Greenbelt, Maryland facts for kids
Quick facts for kids
in March 2011. The city's commercial center typifies the Art Deco style used during the original construction of Greenbelt.
|Incorporated||June 1, 1937|
|• Total||6.29 sq mi (16.29 km2)|
|• Land||6.24 sq mi (16.15 km2)|
|• Water||0.06 sq mi (0.14 km2) 0.99%|
|Elevation||157 ft (48 m)|
|• Density||3,996.95/sq mi (1,543.35/km2)|
|Time zone||UTC−05:00 (Eastern)|
|• Summer (DST)||UTC−04:00 (Eastern)|
20770, 20771, 20768
|GNIS feature ID||2390596|
Greenbelt is notable for being the first and the largest of the three experimental and controversial New Deal Greenbelt Towns: Greenhills, Ohio and Greendale, Wisconsin being the others. Thus, it was planned and built by the Federal government. The cooperative community was conceived in 1935 by Undersecretary of Agriculture Rexford Guy Tugwell, whose perceived collectivist ideology attracted opposition to the Greenbelt Towns project throughout its short duration. The project came into legal existence in the spring of 1935. On April 8, 1935, Congress passed the Emergency Relief Appropriation Act of 1935. Under the authority granted to him by this legislation, President Franklin D. Roosevelt issued an executive order, on May 1, 1935, establishing the United States Resettlement Administration (RA/RRA).
Originally referred to as Maryland Special Project No. 1, the project was officially given the name Greenbelt when the Division of Suburban Resettlement of the Resettlement Administration began construction on January 13, 1936, approximately eight miles north of Washington. The complete Greenbelt plans were reviewed at the White House by President Roosevelt and First Lady Eleanor Roosevelt on April 30, 1936. The first tenants, after being selected through a stringent and restrictive application process, moved into the town, which consisted of structures built in the Art Deco, Streamline Moderne, and Bauhaus architectural styles, on September 30, 1937.
Greenbelt is credited as a historic milestone in urban development, which includes its role as having served as the initial model for the privately constructed suburban Washington, D.C. planned cities of Reston, Virginia and Columbia, Maryland.
The original federally-built core of the city, known locally as Old Greenbelt, was recognized as the Greenbelt Historic District by the Maryland Historical Trust, and is listed on the National Register of Historic Places as a National Historic Landmark District.
Greenbelt's population, which includes residents of private sector dwellings that were constructed over several decades subsequent to the federal government's ownership of the city, was recorded as 23,068 in the 2010 U.S. Census.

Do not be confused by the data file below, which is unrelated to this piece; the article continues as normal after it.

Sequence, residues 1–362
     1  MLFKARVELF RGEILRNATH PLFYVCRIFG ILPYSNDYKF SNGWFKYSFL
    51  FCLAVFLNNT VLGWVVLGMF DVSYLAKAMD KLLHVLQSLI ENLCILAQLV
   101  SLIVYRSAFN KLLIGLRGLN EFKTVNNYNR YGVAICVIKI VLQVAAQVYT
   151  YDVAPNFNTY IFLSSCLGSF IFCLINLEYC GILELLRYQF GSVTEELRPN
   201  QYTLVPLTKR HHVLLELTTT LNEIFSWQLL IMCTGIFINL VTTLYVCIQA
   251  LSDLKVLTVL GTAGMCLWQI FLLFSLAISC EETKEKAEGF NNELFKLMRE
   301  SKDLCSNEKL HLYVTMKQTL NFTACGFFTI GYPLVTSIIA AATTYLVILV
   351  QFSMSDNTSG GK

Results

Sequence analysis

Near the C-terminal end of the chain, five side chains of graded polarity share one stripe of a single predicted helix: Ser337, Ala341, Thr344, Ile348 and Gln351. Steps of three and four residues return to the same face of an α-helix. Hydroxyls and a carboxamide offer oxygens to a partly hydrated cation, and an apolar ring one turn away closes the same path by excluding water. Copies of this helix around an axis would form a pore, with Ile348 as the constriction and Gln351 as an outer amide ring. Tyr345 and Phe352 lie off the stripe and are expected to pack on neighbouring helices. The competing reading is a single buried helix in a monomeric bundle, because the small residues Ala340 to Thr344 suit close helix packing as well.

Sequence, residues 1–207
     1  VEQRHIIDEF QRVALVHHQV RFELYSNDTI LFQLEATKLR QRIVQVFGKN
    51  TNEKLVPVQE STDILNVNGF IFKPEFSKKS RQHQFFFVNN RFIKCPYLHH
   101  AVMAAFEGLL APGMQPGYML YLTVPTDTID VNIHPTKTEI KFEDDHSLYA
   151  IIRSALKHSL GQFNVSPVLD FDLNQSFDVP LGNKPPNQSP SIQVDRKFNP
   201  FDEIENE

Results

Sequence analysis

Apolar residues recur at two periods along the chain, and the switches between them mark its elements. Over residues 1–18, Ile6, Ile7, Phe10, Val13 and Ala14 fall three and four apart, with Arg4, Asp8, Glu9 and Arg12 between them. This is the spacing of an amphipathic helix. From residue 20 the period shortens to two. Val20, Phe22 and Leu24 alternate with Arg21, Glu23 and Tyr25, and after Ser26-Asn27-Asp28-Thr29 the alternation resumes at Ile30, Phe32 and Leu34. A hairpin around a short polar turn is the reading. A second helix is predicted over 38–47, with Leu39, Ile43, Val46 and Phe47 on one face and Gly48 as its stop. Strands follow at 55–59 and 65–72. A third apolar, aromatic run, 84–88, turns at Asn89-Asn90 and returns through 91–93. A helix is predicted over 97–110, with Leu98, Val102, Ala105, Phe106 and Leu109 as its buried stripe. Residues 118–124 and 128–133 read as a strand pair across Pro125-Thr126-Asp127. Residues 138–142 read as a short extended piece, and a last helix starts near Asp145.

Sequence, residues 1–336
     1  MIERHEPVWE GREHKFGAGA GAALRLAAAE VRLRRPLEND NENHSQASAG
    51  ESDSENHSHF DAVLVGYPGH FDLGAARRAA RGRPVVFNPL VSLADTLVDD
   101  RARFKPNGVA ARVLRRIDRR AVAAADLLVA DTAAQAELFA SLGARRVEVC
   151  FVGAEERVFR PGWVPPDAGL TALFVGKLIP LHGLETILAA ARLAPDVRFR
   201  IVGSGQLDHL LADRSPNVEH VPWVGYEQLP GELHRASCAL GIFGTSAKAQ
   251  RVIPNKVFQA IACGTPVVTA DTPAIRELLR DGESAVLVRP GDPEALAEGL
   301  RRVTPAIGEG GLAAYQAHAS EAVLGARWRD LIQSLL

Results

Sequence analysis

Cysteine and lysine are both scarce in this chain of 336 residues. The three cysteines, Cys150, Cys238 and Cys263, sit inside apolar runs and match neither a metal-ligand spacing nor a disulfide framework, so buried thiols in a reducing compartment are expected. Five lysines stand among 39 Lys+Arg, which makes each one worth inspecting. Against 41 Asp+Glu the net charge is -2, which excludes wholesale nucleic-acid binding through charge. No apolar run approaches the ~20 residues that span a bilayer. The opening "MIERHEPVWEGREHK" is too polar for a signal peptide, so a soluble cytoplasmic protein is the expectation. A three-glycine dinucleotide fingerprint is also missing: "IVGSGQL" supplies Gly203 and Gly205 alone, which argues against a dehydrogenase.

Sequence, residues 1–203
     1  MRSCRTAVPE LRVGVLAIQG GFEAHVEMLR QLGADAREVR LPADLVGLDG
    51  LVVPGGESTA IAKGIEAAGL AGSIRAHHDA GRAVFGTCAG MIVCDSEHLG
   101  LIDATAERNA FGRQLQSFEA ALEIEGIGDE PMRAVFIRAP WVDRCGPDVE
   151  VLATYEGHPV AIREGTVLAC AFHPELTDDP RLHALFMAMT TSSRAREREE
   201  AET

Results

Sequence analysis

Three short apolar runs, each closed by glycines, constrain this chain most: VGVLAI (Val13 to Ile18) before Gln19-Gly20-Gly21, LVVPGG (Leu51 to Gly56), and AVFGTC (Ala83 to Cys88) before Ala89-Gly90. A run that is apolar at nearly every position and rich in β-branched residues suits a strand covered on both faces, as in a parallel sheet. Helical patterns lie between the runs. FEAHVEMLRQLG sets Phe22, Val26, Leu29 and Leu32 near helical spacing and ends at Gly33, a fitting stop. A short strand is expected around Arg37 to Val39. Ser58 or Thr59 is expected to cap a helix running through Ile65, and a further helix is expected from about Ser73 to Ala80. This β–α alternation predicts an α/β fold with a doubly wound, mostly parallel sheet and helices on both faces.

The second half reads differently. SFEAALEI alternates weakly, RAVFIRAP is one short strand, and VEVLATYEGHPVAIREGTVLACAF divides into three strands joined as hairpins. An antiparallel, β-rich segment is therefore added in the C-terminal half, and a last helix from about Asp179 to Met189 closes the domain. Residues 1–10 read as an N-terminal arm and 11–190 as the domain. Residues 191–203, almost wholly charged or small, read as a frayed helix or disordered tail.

Greenbelt is located at(39.000460, -76.888325).
According to the United States Census Bureau, the city has a total area of 6.34 square miles (16.42 km2), of which, 6.28 square miles (16.27 km2) is land and 0.06 square miles (0.16 km2) is water. Greenbelt's ZIP codes are 20768, 20770, and 20771.
Two major highways pass through and have interchanges in Greenbelt: the Capital Beltway (I-95/I-495) and the National Park Service's Baltimore-Washington Parkway (Route 295). Greenbelt Road is a portion of State Highway 193, which connects several suburban towns. Kenilworth Avenue (Route 201) traverses Greenbelt in a North-South direction.
Washington Metro rapid transit rail service from Washington, D.C., serves Greenbelt Metro Station, the northern terminus of the system's Green Line. Commuter rail service to the same station is provided by MARC's Camden Line between Washington's Union Station and Camden Station in Baltimore, Maryland, using the original 1835 Baltimore and Ohio Railroad (B&O) track route between Washington and Baltimore, now part of the CSX System.
- Beltsville Agricultural Research Center
- Berwyn Heights
- College Park
- New Carrollton
- Glenn Dale
Old Greenbelt was settled in 1937 as a public cooperative community in the New Deal Era. The concept was at the same time both eminently practical and idealistically utopian: the federal government would foster an "ideal" self-sufficient cooperative community that would also ease the pressing housing shortage near the nation's capital. Construction of the new town would also create jobs and thus help stimulate the national economic recovery following the Great Depression.
Greenbelt, which provided affordable housing for federal government workers, was one of three "green" towns planned in 1935 by Rexford Guy Tugwell, head of the United States Resettlement Administration, under authority of the Emergency Relief Appropriation Act. Working alongside Tugwell was Charles W. Yost. The two other green towns are Greendale, Wisconsin (near Milwaukee) and Greenhills, Ohio (near Cincinnati). A fourth green town, Roosevelt, New Jersey (originally called Homestead), was planned but was not fully developed on the same large scale as Greenbelt.